NHTSA Announces a Timeliness Query Investigation Regarding GM’s Delayed Recall
NHTSA announces investigation
On February 19, 2014, Lance Cooper submitted a Timeliness Query to the National Highway and Traffic Safety Administration (“NHTSA”) about General Motors’ prior injury disclosures to that agency about certain GM ignition switches. On February 26, 2014, NHTSA announced that it was going to open an investigation. Cooper and others have alleged that GM knew about the defective ignition switch in its vehicles in 2004 before it began selling the 2005 Chevrolet Cobalt, the car in which Cooper’s client, Brooke Melton, died in a crash after her ignition switch moved from RUN to ACC. The recall for the GM vehicles was announced this February, nearly ten years after GM knew about the defect. Federal safety rules mandate that an automaker should notify NHTSA within five business days after the safety issue is identified. It is alleged that GM underreported the number of deaths and/or injuries caused by the faulty ignition switches.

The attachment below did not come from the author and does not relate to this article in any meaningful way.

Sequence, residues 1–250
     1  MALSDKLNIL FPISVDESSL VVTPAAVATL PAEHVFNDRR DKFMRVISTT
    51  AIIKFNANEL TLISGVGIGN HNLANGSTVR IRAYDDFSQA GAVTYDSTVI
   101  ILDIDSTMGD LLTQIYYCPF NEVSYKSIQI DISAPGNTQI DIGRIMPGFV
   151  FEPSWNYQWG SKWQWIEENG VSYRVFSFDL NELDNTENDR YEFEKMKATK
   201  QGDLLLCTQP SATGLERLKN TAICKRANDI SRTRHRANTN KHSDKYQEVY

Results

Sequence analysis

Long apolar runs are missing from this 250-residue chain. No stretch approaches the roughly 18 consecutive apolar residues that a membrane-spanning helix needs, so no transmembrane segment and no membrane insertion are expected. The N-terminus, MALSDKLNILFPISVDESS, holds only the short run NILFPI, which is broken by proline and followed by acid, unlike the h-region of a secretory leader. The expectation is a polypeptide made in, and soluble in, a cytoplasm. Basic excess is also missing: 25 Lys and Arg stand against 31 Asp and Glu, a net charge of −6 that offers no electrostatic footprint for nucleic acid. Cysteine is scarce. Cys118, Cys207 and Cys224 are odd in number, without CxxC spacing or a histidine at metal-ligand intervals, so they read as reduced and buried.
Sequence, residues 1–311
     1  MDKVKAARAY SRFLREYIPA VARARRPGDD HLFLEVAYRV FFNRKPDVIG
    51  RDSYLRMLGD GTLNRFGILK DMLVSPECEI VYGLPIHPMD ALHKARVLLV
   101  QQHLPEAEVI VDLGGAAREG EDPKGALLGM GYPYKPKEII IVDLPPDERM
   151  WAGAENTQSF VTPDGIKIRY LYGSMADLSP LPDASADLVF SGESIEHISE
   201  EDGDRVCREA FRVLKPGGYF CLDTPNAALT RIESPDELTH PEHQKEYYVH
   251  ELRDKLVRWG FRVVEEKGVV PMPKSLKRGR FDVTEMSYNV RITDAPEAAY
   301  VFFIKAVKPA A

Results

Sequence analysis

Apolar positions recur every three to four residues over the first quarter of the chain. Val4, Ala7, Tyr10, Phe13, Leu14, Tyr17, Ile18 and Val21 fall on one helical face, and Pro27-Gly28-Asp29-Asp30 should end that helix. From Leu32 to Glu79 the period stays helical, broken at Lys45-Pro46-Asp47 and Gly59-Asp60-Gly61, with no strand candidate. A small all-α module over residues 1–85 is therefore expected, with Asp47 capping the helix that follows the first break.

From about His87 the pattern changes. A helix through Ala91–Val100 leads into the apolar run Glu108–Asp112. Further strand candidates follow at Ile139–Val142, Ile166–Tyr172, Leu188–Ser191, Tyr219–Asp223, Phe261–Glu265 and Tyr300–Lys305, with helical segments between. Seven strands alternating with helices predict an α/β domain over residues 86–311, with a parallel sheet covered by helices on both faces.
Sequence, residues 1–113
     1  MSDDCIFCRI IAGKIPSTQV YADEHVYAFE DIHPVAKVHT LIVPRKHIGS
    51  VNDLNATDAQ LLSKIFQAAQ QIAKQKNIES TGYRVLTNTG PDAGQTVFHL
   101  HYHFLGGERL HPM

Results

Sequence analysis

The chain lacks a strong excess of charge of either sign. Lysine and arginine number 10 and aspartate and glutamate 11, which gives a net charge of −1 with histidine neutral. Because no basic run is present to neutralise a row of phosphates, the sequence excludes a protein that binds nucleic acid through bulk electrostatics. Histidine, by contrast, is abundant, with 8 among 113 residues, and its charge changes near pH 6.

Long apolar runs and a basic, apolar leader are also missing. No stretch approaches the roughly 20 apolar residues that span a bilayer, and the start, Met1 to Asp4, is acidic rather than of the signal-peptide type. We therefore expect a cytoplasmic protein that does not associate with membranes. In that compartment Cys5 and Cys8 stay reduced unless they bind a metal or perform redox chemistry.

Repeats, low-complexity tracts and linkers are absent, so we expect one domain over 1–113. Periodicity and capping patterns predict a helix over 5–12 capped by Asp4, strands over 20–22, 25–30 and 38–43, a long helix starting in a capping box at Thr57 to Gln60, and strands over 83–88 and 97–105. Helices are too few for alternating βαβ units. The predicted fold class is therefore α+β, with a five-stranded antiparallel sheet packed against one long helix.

In response, NHTSA issued GM a Special Order as part of a Timeliness Query investigation. The NHTSA is requesting that GM provide a more detailed 573.6 section outlining the chronology of principle events. GM must respond to this Special Order by April 3, 2014. The very detailed Special Order as well as the Opening Resume can be found here. For more information regarding the NHTSA’s response, you can visit the Safety Research and Strategies Inc. Blog.